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Mayor Leads Delegation to Hirado and Kumamoto


On September 24, Tainan City Mayor William Lai led a delegation of more than 200 people on a visit to the cities of Hirado and Kumamoto in Japan. The delegation was composed of members of the Zheng clan (descendants of Zheng Chenggong, aka Koxinga, who founded the dynasty that ruled Taiwan from present-day Tainan after he conquered and expelled the Dutch in 1662), representatives of temple organizations connected to worship of Koxinga, and other citizens of Tainan. The visit was a demonstration of the warm and deep friendship between Tainan and the two Japanese cities.

 

The delegation was formed to participate in a temple gate unveiling ceremony at the Zheng Chenggong Memorial Museum in Hirado, the city in Nagasaki Prefecture where Koxinga was born to his Chinese father and Japanese mother in 1624. Linked by their respective connections to Koxinga, Tainan and Hirado have engaged in continuous interaction since establishing a special city-to-city relationship in 1990.

 

Upon arriving in Hirado on September 24, Mayor Lai visited Hirado City Hall, where he presented a gift of traditional Taiwanese embroidery to the city. The next day, he and his Hirado counterpart, Mayor Kuroda Naruhiko, jointly presided at the unveiling ceremony. Mayor Lai conveyed salutation and friendly regard from Tainan’s nearly two million citizens to the people of Hirado. He also said he hoped this meeting would reinforce the already close ties between their two cities.

 

The following day, September 25, Mayor Lai traveled on to Kumamoto, the capital city of Kumamoto Prefecture on the island of Kyushu, where he attended a banquet with the Governor of Kumamoto Prefecture, Kabashima Ikuo, and Kumamoto City Mayor Kazufumi Ōnishi.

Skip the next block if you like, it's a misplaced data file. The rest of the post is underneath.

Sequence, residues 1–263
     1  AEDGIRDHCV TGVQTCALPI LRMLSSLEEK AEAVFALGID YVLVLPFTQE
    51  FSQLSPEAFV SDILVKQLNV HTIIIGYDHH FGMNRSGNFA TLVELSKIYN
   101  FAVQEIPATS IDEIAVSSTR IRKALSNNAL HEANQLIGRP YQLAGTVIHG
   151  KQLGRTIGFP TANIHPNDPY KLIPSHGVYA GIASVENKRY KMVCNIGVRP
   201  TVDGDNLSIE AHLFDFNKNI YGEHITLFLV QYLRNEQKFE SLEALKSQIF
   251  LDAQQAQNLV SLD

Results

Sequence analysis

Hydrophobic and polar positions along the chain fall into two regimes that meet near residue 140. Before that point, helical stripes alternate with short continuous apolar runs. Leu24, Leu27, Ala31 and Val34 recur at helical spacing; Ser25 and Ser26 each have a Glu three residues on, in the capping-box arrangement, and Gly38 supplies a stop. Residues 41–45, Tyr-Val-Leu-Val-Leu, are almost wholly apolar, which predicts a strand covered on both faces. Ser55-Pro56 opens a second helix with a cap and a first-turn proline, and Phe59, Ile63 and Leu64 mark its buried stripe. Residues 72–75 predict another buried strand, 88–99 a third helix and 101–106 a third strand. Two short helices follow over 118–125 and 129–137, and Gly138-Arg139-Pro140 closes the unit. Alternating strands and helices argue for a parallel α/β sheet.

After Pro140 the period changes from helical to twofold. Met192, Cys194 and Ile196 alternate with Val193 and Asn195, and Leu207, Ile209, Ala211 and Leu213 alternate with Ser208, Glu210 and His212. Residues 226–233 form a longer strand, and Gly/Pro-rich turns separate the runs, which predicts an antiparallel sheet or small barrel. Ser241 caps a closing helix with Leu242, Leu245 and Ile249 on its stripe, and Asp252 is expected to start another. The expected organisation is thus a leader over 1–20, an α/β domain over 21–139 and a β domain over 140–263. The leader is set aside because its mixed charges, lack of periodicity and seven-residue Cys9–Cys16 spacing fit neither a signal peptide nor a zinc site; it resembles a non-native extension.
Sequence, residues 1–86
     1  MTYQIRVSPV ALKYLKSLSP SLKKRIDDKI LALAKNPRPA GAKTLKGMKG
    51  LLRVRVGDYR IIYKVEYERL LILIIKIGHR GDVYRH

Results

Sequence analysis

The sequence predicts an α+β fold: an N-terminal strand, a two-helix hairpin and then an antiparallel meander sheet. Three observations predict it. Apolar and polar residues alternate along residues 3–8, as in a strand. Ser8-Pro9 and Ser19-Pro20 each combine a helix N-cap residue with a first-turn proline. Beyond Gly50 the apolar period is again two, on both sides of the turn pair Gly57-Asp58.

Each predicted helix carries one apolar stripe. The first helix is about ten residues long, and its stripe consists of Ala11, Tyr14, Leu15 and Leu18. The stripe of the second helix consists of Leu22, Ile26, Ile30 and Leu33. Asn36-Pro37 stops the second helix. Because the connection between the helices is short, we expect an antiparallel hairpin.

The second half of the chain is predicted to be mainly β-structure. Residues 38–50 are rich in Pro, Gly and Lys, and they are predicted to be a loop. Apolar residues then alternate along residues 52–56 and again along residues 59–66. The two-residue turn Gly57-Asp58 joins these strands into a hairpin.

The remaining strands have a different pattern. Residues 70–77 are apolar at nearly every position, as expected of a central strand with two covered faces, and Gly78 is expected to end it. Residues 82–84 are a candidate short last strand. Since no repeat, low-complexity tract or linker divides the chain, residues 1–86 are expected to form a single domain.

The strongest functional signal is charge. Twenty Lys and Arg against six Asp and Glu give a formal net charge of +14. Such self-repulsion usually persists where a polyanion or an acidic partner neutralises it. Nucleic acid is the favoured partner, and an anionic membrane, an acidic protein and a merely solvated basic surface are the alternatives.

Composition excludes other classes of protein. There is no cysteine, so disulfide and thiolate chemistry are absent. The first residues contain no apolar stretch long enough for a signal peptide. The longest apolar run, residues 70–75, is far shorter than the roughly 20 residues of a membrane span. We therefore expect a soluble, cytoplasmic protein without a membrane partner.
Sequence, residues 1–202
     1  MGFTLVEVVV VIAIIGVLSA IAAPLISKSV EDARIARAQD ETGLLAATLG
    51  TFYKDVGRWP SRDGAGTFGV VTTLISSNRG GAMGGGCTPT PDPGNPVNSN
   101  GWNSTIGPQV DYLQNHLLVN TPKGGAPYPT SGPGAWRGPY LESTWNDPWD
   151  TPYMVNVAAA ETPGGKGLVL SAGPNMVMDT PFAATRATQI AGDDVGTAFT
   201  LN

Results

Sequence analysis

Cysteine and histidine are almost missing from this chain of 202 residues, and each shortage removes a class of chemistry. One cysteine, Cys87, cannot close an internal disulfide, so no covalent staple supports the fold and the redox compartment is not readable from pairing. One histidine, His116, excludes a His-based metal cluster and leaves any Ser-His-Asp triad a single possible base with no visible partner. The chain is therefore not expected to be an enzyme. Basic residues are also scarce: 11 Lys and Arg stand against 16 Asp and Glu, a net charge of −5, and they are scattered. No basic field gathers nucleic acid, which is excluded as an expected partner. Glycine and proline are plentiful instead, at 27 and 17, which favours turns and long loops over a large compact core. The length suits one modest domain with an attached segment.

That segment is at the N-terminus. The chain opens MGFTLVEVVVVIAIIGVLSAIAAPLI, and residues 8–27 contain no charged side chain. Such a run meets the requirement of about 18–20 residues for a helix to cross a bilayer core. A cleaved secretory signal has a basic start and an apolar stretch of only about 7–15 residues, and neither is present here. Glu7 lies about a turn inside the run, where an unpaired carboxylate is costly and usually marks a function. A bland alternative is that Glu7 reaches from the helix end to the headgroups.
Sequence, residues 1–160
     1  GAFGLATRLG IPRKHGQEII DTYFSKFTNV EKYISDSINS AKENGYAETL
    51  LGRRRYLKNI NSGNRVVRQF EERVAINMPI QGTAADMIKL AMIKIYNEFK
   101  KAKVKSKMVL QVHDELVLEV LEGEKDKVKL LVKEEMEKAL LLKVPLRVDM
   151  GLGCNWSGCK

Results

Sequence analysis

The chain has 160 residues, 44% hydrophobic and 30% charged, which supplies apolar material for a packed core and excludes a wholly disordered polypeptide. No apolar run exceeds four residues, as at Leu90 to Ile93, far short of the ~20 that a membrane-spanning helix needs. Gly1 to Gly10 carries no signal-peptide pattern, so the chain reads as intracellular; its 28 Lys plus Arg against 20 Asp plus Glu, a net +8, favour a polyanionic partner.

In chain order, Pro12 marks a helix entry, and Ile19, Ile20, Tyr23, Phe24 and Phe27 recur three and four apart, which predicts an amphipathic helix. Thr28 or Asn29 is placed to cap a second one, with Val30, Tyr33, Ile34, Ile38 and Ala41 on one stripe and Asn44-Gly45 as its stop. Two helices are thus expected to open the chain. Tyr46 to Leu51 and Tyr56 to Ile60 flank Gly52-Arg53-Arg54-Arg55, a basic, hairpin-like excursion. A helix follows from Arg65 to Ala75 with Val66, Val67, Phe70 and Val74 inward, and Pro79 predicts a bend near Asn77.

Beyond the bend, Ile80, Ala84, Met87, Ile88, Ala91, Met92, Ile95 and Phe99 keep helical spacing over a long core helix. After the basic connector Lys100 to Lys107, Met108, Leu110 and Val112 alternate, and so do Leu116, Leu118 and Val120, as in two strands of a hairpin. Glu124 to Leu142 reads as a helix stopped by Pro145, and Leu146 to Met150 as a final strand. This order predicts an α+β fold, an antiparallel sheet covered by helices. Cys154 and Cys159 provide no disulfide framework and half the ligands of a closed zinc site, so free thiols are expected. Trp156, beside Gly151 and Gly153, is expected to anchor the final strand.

Tainan and Kumamoto share the unhappy but uniting experience of having both been hit by deadly earthquakes earlier this year. The strong quake that struck Tainan on February 6 killed 117 people and caused heavy damage. Two months later, in mid-April, Kumamoto was shaken by a pair of powerful tremors that caused severe damage and left at least 49 people dead.

 

Immediately after the Tainan earthquake, Japan’s Prime Minister, Shinzo Abe, was joined by many of his country’s local governments and NGOs in springing to Tainan’s assistance with donations and offers of help. Kumamoto’s governor and mayor were among the first to express concern and condolence, and to raise and deliver generous donations. Mayor Lai spoke for all the people of Tainan in expressing the deepest gratitude for this great-hearted response to Tainan’s distress.

 

When Kumamoto was struck by the April earthquakes, its friends in Taiwan quickly rallied to its assistance. In June, Mayor Lai and Kaohsiung Mayor Chen Chu flew to Kumamoto to present donations collected from the citizens of Tainan and Kaohsiung. And this latest visit by the Tainan delegation was an act of concrete support for Kumamoto’s tourism industry, aimed at helping promote its recovery from the blow inflicted by the earthquakes.

 

Taiwan and Japan are geographically close, and when either encounters a natural disaster, they can come together to support and assist each other. They are also united by shared adherence to democratic ideals and liberal social values. Mayor Lai hopes that the two countries can continue to support each other into the future, drawing on each other’s strengths, and joining forces to meet the many challenges posed by changes in the global situation.